My rating: 4 of 5 stars
As one might guess from the title, this is a lighthearted–dare I say whimsical–science fiction novel set around parallel universes. The light tone works to discourage one from being too much of a stickler about logical consistency and scientific validity. Parallel universes can raise almost as many troubling questions as time travel; but when the tone is comedic, it’s easy to set the these concerns aside and take it as a simple plot device. This isn’t to suggest that Maslakovic neglects the issues altogether. She is, after all, an engineer by training. Having the universes split a relatively short time in the past is likely an attempt to deal with the fact that the two universes are extremely similar, but recognizably different (a cliché among sci-fi parallel universes.) But she does avoid getting bogged down in the minutiae of consistency. There may be some happenings that leave one a bit befuddled, given there is obviously different decisions and behaviors occurring in the alternative universes, so events in one universe shouldn’t be a predictor of events in the other.
The backdrop is that a technical writer and aspiring novelist, Felix Sayers, finds out that he has an “alter.” In Sayer’s world, there are two San Franciscos. He is from what’s considered the original Universe, A, and there’s an alternative Universe B that one can cross over to if one is willing to follow a number of rules–mostly set in place to prohibit interacting with one’s alter. Everyone born before the schism of the two universes has an alternative version of themselves in the alternate universe unless that person has passed away. Like identical twins, “alters” look alike, but because of chains of different decisions and experiences, they may lead considerably different lives. Felix thought he was alter-less, but when he finds out about a discrepancy in his birthdate, he realizes he does.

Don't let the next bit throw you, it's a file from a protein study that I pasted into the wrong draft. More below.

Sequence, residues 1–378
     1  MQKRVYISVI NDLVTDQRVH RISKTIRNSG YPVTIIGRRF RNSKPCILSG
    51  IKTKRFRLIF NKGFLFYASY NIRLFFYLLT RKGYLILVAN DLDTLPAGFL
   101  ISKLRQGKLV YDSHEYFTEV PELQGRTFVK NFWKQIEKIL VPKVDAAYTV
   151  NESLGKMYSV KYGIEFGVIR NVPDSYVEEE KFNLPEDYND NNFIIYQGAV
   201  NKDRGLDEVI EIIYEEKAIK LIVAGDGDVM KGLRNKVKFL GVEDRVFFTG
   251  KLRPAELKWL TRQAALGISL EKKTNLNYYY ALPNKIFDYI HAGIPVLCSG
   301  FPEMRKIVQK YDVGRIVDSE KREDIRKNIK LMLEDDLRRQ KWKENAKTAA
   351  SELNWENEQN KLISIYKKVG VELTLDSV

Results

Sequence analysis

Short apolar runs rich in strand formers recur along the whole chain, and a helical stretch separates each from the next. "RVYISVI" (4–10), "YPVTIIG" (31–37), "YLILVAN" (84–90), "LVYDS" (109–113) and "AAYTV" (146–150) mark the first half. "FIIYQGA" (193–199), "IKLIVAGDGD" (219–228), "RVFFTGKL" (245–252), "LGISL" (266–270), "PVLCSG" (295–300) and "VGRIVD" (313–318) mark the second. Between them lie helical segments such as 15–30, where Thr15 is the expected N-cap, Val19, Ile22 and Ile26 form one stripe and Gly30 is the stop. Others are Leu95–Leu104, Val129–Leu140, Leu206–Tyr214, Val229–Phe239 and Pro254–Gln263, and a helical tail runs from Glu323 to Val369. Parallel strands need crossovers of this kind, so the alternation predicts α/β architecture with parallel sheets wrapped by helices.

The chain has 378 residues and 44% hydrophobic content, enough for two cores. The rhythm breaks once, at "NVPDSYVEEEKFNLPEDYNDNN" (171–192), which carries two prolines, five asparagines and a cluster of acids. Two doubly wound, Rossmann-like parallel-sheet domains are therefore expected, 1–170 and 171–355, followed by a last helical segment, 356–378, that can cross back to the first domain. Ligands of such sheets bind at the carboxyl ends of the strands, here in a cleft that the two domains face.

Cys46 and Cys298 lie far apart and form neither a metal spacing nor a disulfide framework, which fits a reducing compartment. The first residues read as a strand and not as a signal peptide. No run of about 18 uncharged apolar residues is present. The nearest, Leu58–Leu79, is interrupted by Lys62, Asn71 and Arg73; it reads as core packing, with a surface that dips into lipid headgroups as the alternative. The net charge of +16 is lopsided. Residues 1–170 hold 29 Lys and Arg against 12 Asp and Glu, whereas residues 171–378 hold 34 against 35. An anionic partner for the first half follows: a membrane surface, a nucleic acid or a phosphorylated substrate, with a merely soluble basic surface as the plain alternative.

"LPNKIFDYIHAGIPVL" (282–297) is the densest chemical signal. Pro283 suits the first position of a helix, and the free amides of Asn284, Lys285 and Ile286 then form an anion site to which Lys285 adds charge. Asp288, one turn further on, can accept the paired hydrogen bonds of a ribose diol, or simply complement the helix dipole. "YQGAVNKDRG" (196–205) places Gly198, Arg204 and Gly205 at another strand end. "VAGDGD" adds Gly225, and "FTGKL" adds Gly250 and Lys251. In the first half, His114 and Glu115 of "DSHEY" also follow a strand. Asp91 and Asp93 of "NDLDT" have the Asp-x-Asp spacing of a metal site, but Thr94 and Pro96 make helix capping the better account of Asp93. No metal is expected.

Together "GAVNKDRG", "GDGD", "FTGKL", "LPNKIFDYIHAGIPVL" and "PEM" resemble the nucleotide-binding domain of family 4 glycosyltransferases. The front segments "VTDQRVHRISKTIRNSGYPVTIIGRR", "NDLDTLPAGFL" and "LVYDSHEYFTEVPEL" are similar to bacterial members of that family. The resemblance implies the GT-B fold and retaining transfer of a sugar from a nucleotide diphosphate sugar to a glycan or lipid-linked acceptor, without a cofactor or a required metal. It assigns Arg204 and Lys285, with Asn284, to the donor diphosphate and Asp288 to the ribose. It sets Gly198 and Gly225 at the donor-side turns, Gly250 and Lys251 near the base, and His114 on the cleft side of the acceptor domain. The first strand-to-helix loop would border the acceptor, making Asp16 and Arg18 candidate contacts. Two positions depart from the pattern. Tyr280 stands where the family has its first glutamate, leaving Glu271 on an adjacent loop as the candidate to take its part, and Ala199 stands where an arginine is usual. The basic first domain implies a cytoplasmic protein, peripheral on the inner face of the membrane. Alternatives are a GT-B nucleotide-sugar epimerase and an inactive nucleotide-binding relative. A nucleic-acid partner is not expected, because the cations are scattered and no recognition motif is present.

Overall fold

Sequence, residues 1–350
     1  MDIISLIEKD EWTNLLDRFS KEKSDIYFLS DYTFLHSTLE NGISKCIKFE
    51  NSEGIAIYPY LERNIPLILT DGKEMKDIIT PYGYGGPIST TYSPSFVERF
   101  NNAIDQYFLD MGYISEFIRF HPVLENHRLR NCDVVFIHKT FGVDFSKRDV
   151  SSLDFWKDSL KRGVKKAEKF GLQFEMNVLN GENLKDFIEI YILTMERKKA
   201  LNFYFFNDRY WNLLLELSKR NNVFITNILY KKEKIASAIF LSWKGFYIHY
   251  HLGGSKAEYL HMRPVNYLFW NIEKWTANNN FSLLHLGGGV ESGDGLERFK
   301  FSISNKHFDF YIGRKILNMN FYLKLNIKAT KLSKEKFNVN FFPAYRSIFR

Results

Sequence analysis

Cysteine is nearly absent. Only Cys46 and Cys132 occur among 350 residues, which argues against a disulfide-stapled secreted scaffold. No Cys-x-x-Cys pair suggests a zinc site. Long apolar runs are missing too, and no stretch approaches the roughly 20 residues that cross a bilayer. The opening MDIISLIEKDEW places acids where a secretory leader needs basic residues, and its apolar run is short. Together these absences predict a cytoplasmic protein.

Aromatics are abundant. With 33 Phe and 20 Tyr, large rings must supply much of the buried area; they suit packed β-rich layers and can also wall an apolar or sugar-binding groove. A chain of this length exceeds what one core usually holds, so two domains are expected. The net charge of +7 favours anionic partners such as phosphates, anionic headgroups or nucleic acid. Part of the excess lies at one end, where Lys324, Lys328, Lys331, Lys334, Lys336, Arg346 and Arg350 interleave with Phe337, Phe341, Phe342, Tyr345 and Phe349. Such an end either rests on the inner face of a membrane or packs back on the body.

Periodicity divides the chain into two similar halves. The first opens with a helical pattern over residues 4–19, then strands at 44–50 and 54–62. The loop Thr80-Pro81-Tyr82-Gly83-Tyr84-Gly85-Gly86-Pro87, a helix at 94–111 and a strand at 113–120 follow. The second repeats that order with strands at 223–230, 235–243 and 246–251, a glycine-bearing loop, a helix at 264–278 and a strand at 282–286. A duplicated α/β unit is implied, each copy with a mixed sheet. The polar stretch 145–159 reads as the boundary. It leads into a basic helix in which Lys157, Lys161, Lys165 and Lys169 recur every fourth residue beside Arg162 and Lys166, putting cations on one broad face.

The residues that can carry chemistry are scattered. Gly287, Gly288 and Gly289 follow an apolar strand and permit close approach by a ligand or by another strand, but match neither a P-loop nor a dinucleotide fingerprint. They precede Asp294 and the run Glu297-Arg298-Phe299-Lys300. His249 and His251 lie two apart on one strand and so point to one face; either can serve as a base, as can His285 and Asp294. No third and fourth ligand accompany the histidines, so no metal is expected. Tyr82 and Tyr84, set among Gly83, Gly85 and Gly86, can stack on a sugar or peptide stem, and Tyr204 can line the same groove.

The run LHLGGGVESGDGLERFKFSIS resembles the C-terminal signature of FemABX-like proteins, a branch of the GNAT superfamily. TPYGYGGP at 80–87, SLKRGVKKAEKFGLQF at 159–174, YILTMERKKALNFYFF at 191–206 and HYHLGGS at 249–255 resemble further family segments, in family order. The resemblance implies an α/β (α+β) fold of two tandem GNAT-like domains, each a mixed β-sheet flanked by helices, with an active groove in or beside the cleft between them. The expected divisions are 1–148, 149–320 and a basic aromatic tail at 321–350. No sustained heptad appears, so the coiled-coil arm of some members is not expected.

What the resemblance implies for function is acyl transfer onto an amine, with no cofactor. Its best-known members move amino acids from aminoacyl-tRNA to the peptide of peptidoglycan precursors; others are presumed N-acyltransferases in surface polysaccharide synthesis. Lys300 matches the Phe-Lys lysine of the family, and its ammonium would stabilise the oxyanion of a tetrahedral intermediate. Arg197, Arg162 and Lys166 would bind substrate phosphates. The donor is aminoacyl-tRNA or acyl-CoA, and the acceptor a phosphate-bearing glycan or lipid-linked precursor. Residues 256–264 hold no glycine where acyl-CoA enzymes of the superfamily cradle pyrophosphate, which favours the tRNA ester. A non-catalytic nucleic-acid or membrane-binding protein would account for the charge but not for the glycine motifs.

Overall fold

Felix decides to go to Universe B, to spy on and possibly interrogate his alter—in contravention of the rules. Specifically, Felix of A wants to know if Felix B is working on a novel, and, if so, if the alter is ahead of him. He doesn’t want his to be relegated to writing the novel by “the other Felix Sayers.”
As the story progresses, the novel crosses genres again, adding a mystery component. When Felix crosses over, he draws much more attention than he wants or expects. This includes several failed (and sometimes comedic) attempts on his life. Felix immediately suspects one person, but it wouldn’t be much of a mystery if the initial suspect turned out to be the villain. Actually, it’s not much of a murder mystery because there are few characters who we can believe would be credibly wicked.
However, there’s still the mysterious question of whether Felix engaged in an activity that resulted in the split. Of course, there’s a scientist who creates the conditions in which the schism can happen, but Felix nonetheless worries whether he “caused” the split through some inadvertent act as an infant. This may not be so much a critique as it is insight into what makes the lead likable, if hapless. Incidentally, this is where the duck comes in.
If you like light sci-fi, this is a good read. It’s not side-splitting like Douglas Adams, but it’s laid back and has a dry sense of humor.